This project would have been held in person but due to the COVID19 restrictions, we found a way to connect via phone calls, emails and video chats - even with the digital barrier everyone involved had a positive experience and got to know their songwriting partners well.
The AMA-UK member songwriters who are from all over the UK and Ireland learnt so much from these amazing seniors and all feel a deep sense of honour to have been trusted with these beautiful stories that they, in turn, have weaved into a set of wonderful songs that we hope will be tangible keepsakes for the families involved. We know for the musicians it was moving, educational and an unforgettable experience.
Please read more about this wonderful project and all the other amazing things that have been happening in Hackney for the Windrush Festival during this unprecedented time of COVID 19 HERE
Here are the six songs, plus a little bit about each AMA-UK member and their collaborative writing partner:
Thank you to Fiona Bevan our songwriting coach through out the project
Fiona Bevan : It has been very special to be involved in the Windrush song writing collaboration project in a mentoring role. I feel very lucky to have been able to hear the wisdom of the Windrush generation immigrants and their first-hand stories of love, displacement, struggle and the epic transformation of building a new life in the UK. I also feel honoured to be helping nurture the songwriters as they navigate the challenges and complexities of telling someone else’s story through their lyrics and melodies. At this exact moment of history and the tragic events unfolding, this project feels incredibly important, and has been joyful and extremely moving for everyone involved. www.fionabevan.co.uk
Kris Wilkinson Hughes (My Girl The River): Originally from the USA, I immigrated to the UK 20 years ago. I am so privileged to be a part of this incredible project, hearing stories that speak to a time when so many cultures immigrated to the UK. I got to know Tony and Sharlene as we spoke about favourite ‘Bajan’ memories, starting over, homesickness, making new friends and raising a family. I was inspired by their devotion to each other, their faith, community, loving family, and very wise words. www.mygirltheriver.com
Sherlene Barker: I was a bit apprehensive about sharing my story to someone I had never met about coming to this country, but knowing it was part of celebrating the Windrush generation, that inspired me to partake in the project.Kris put us at ease and was very good at collating our stories. I really enjoyed it. For me, I found it fulfilling to let her into my journey here.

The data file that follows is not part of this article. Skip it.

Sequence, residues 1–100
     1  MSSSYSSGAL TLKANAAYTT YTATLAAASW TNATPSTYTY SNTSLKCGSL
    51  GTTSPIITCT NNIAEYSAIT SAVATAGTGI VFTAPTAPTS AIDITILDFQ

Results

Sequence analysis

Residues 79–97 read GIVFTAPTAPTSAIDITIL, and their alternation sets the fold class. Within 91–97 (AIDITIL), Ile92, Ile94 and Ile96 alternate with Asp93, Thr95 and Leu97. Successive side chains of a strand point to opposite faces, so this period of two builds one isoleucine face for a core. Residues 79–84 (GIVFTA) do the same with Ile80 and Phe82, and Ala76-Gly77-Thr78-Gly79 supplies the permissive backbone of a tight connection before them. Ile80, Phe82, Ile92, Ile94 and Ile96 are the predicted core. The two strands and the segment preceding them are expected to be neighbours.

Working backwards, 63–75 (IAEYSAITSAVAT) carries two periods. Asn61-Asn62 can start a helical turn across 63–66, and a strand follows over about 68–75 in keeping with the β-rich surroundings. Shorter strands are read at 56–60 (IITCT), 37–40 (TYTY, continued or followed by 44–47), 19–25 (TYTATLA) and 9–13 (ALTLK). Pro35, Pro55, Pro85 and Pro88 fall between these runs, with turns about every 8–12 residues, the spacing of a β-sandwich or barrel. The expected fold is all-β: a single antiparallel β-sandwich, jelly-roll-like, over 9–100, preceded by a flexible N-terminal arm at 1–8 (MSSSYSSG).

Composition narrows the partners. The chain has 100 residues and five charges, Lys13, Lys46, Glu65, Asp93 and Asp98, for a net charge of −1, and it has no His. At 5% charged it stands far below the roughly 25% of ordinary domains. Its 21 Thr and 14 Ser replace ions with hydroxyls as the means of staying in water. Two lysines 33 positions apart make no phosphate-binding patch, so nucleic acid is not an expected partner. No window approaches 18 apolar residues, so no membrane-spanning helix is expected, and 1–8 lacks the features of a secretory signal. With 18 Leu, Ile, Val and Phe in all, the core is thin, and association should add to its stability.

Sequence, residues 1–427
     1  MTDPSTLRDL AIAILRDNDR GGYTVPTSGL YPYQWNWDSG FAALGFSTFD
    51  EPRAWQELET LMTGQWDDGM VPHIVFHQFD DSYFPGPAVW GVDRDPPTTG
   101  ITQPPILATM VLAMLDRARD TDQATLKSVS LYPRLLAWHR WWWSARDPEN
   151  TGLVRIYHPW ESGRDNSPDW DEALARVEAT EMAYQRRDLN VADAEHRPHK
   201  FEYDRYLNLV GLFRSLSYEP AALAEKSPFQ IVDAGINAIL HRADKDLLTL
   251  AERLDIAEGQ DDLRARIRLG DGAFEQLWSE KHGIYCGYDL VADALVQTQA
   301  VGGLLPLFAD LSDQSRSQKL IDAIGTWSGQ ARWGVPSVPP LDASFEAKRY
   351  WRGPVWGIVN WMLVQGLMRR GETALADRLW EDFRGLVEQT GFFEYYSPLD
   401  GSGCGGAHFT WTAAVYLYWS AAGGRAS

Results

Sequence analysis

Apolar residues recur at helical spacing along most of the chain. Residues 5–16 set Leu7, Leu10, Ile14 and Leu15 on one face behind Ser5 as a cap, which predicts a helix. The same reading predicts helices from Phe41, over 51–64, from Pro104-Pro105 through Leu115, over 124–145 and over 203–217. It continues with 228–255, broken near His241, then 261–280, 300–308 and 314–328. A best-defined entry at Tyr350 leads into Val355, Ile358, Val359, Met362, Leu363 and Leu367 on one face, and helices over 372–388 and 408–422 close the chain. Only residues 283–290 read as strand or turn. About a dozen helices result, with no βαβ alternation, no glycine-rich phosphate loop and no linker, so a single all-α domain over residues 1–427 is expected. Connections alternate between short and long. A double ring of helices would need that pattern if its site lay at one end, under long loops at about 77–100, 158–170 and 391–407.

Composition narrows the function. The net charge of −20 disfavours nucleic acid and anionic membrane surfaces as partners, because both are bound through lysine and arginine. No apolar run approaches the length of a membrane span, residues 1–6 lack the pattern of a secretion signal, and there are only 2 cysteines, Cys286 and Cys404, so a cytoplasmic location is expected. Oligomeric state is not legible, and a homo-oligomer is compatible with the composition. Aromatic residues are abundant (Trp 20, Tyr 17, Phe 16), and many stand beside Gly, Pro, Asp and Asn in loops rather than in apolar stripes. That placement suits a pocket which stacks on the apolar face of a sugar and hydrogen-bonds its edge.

Tony Barker: It was a successful partnership putting the song together. I was comfortable talking about my life here in England and it took me back to those special moments like working on the number 106 bus as a conductor, where I first met my wife
Dewi Bowen (Sons of Owen) : I had the great pleasure of speaking with Louise to create this song ‘The Motherland’. This song is a story of woman making a journey in search of a better life for herself and family in a new world and the ups and downs along the way. With an uplifting chorus the song highlights the great passion Louise spoke with about the life she has created for herself in The Motherland full of friends and happiness. I’ve enjoyed every step of the process working with the Americana Music Association UK and look forward to hearing everyones songs. www.sonsofowen.com
Louise Parr: I felt very relax and felt that I knew the person who I was speaking to. I answered the questions to the best of my ability and if it any time I was uncertain, I felt that I could ask for clarification and would ask him to explain it again. This experience bought back memories from my younger years. I had a happy childhood, even though my family was poor. I was happy to come to England, as I did not know what to expect. Sometimes I would explain to him what I meant because I felt he did not understand what I had said and this works both ways.
Lady Nade: I wrote this song, with a positive, established Hackney resident about their insightful journey from Jamaica to England and all the changes that happened there after. It’s a song bouquet of memories in tribute to her sister's wedding that took place upon her arrival. The Hackney elder and I spoke about change and the topical concepts of social distancing.